Making better books one author at a time.
Arielle is an agent-at-large at the Levine Greenberg Literary Agency, one of New York City’s most respected and successful agencies. David is the author of 12 books on a wide variety of subjects, from memoir, to YA novel, to sports, to anthology, to reference, and a regular Huffington Post contributor.
They've written "The Essential Guide to Getting Your Book Published," and this summer I had the pleasure of being a judge at Book Passage's Mystery Writing Conference at one of their "Pitchapaloozas." Brave aspiring-to-be-well-published writers took courage in hand and stood before the crowd to deliver their pitch. Time limit: 1 minute.
Then we on the judges' panel rendered the verdict. Honest but kind. The photo on the right shows the talented winner. It was obvious to everyone in the audience, as well as the judges.
I'll let Arielle and David tell us about what they've learned by running Pitchapaloozas all over the country. Arielle, David, what makes a great pitch, and to what kinds of pitfalls do writers fall prey?
ARIELLE ECKSTUT AND DAVID HENRY STERRY:
Before we reveal the secrets of a great pitch, let us explain why your pitch is one of your most important tools—a tool that will be required from the moment you tell someone, “I’ve got a brilliant idea for a book!” And that person says, “What is it?”
Your pitch is going to follow you through and past the publication of your book. You’re going to need it entice an agent. An agent will then use it to entice an editor. An editor will then use it to convince their publicity and marketing departments and their sales department to hop on the bandwagon that is your book.
Once your book is bought by a publisher, the publicity and marketing department will use your pitch to attract media. And the sales department will use your pitch to get booksellers to stock your book.
Booksellers will then use your pitch to sell your book to customers. If you’re choosing to self-publish, you’re going to need your pitch to help you build your audience. You’re going to need it for the copy on the back of your book. You’re going to need it for your website. You’re going to need it in order to get any press. And you’re going to need it to sell.
Your pitch is your #1 sales tool. A great pitch is a key that can open many doors. It allows you to grab people’s attention in under a minute. Without one, you’ll probably still be talking long after someone’s eyes have glazed over, or worse, walked away. Your pitch will be constantly evolving and will develop over the months and years that follow.
So what makes for a great pitch?
Every book makes a promise to its readers: to educate, to challenge, to amuse, to romance, to inspire, to entertain. A pitch must take your particular promise and deliver it lickety-split.
The beauty of a major league pitch is that it contains the juicy essence of your book, it’s over in no time at all and it leaves the crowd oohing and aahing in awe. Your pitch should entertain and delight, pique interest or give pause, depending on what kind of promise you need to deliver. At the end of your pitch, you want the person you’re pitching to say, “Wow I can’t wait to read that book!” or “I can’t wait to tell Terry about this one so we can book you on Fresh Air next week!” or “We’ll take 1000 copies!” or “On behalf of HarperCollins, I’d like to offer you one million dollars!”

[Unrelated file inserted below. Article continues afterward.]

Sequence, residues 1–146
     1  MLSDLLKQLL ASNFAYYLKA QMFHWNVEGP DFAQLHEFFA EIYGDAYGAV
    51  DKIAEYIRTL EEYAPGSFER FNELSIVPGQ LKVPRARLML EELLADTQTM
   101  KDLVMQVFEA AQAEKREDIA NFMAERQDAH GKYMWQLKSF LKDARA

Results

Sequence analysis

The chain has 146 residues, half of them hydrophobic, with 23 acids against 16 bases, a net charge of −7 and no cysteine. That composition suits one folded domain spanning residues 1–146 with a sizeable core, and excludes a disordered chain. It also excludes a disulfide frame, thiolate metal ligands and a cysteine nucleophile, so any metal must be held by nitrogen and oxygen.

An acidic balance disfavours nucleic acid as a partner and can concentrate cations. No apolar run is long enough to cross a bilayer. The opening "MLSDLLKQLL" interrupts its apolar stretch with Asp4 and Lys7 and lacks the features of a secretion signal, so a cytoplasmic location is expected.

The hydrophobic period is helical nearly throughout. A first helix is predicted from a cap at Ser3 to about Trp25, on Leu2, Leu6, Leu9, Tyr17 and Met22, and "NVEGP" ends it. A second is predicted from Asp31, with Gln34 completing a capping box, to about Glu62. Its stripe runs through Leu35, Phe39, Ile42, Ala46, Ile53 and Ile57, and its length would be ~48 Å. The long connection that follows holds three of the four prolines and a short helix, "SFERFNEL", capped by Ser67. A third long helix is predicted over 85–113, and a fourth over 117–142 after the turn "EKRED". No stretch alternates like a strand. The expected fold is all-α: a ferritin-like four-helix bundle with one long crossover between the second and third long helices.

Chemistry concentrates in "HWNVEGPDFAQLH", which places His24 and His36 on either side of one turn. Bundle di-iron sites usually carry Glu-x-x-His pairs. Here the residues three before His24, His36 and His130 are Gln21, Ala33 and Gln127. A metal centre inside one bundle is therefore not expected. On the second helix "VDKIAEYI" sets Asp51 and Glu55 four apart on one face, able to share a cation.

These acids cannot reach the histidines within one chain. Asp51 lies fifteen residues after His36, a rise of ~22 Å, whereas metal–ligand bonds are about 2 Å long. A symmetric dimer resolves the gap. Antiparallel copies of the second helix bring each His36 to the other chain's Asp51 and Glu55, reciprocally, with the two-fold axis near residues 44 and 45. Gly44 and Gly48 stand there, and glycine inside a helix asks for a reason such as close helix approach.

Now for the pitfalls! Fiction writers have a few favorites:
1. The plot-heavy pitch: There are a number of pitches we’ve heard over the years that would still be going on if we didn’t have our minute timer. That’s because some writers think that every detail of their fabulous plots need to go into their pitches. Wrong! Nothing is more boring than a recitation of plot. Get a birds-eye view. Think movie trailer. And read LOTS of jacket copy so you understand how to give only the necessary twist and turns of your plot.
2. The hilarious, tear-jerking, thrilling pitch: Lots of people like to fill their pitches with adjectives to try to convince readers how great their book will be. Please, don’t tell us how funny, sad, page-turning your book is. Write a pitch that makes us laugh, cry, scream, “I want more!” It’s like those people who wear t-shirts that say “SEXY” across the front. Let your readers be the judge!
3. My book is like…: Agents, publishers and even readers tend to like books that are similar to something they already know, but with a new twist. That’s why it’s great to add what we call in the business “comp titles” to your pitch. “Comp” is short for comparable and it gives your audience an idea of where your book will sit on the shelf. Are you more Rhys Bowen or Hank Phillipi Ryan?
4. Title Torture: Don’t forget your title! That’s part of your pitch. A great title can help sell a book. Don’t wait for an agent or publisher to come up with that blockbuster title.
Once you’ve got a pitch you’re happy with, start testing it out on everyone—people who read books like yours, booksellers, even your cat. The more practice, the more perfect the pitch!
HALLIE: Thanks, Arielle and David. So enlightening!
We all know that step one is getting published is to WRITE A GREAT BOOK! But that doesn't get it published. Thanks so much for your great advice and for a terrific book.
Are you perfecting a winning pitch? Arielle and David will be hanging around today to answer questions.